The U.S. dollar hits a 16-month high in anticipation of a US interest rate hike in 2022 Reuters

© Reuters. File photo: In this illustration taken on May 7, 2021, a one-dollar bill can be seen in front of the displayed stock chart. REUTERS/Dado Ruvic/Illustration

LONDON (Reuters)-After Fed Chairman Jerome Powell was elected for re-election, the yen hit a 16-month high against the yen and the strongest in more than four years, strengthening the market’s expectations that U.S. interest rates will rise in 2022. expected.

In recent months, the main driving force of the money market has been the market’s different views on the reduction of stimulus measures and the pace of interest rate hikes during the pandemic by global central banks.

“This decision eliminates a source of uncertainty in the financial market and is conducive to the continuity of the Fed’s policy,” Lee Hardman, a foreign exchange analyst at Mitsubishi UFJ Financial Group, wrote in a report to clients.

“We expect U.S. yields and the U.S. dollar to continue to face upward pressure in the short term, while U.S. economic activity and inflation data are surprisingly upward.”

Ulrich Leuchtmann, head of foreign exchange and commodity research at Commerzbank (DE:), said that this decision is good for the dollar because it shows that President Joe Biden respects the independence of the Federal Reserve from the government.

“It turns out that Biden’s nomination on Monday was principled,” he wrote in a report to clients.

On Tuesday at 0819 GMT, the US dollar index was at 96.426, slightly lower than the 16-month high of 96.603 touched during the Asian trading session.

As investors expected US interest rates to be different from Japanese interest rates, the dollar-yen exchange rate rose to its highest level in four and a half years.

The yen is very sensitive to the trend of U.S. Treasury bonds. The yield on the two-year U.S. Treasury bond rose by 8.5 basis points on Monday to the highest level since early March 2020.

At 0824 GMT, the USD/JPY trend slowed down, with the exchange rate falling 0.2% to 114.590, after hitting a high of 115.160 earlier in the session.

The euro-dollar exchange rate rose 0.2% to 1.1258 U.S. dollars, after hitting a 16-month low against the U.S. dollar.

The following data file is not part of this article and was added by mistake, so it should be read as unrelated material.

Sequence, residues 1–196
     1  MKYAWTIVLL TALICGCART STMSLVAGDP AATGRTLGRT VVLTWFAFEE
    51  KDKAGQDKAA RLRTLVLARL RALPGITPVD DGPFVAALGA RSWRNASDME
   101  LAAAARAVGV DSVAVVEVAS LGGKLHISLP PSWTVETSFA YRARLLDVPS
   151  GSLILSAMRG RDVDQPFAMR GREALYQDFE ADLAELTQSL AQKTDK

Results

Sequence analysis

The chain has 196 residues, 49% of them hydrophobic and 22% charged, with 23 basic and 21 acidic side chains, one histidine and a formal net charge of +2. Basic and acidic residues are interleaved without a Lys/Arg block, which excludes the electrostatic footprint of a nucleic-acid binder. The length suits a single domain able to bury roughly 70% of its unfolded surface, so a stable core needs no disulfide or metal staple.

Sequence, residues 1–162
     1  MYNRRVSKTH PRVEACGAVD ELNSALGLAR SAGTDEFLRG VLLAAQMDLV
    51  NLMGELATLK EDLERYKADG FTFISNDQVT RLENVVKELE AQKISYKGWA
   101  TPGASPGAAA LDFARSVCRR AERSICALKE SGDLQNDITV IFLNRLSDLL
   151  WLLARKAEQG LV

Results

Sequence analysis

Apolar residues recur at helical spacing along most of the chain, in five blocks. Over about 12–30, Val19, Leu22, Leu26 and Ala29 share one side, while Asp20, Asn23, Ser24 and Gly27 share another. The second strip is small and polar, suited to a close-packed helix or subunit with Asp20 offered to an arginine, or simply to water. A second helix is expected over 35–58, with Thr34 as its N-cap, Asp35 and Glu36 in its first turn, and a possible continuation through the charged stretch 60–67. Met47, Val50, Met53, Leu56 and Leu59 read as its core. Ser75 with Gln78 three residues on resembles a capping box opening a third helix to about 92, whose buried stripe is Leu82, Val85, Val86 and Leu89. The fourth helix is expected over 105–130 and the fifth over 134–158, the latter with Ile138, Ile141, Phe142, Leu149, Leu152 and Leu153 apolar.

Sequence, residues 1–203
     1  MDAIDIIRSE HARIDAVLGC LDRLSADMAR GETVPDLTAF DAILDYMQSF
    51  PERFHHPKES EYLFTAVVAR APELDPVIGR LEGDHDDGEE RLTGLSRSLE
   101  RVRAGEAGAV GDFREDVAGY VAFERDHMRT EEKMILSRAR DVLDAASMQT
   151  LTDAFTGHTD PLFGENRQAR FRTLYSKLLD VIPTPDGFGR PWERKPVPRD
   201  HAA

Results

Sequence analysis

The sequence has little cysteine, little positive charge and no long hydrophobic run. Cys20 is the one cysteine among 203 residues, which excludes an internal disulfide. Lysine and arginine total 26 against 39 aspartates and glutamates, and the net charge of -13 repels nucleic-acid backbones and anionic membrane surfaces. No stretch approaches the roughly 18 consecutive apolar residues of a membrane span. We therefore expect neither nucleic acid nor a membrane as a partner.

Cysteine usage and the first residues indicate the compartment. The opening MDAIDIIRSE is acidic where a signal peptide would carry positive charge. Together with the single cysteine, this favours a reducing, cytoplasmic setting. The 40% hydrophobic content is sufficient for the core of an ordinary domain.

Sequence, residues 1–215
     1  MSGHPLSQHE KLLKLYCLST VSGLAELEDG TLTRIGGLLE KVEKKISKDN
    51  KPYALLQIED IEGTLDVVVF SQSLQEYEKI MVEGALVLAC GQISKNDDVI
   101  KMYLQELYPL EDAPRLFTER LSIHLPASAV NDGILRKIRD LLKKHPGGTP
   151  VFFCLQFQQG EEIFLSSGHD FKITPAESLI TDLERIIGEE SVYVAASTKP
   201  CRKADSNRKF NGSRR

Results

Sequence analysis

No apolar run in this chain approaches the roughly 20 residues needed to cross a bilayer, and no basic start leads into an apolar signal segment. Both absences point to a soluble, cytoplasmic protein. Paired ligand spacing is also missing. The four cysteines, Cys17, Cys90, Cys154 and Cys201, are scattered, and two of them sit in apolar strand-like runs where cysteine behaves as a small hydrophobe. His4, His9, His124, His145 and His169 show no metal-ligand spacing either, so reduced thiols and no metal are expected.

The euro has fallen 2.6% so far this month, affected by the European Central Bank’s moderate monetary policy stance and the recent resurgence of COVID-19 cases in Europe.

The World Health Organization warned earlier this month that the current transmission rate in 53 European countries is a “serious concern” and the German health minister called for further restrictions on public places.

The German PMI data was better than expected, pushing the euro slightly higher. The French PMI data was also stronger than expected.

But the survey shows that shortages of materials and supply chain issues, coupled with rising energy and wage expenditures, have led to unprecedented cost inflation rates, which in turn has caused many companies to increase their expenses to record levels.

The exchange rate against the US dollar fell to a new low of 12. This is the eleventh historical low in a few days after President Tayyip Erdogan defended the recent interest rate cut and vowed to win the “War of Economic Independence.”

The Australian dollar fell 0.1% to US$0.7217 against the US dollar, while the New Zealand dollar fell 0.3% to US$0.6931.

The Reserve Bank of New Zealand is expected to raise interest rates by 25 basis points on Wednesday.

Among cryptocurrencies, Bitcoin is slightly less than $56,000. Earlier this month, it hit an all-time high of $69,000.

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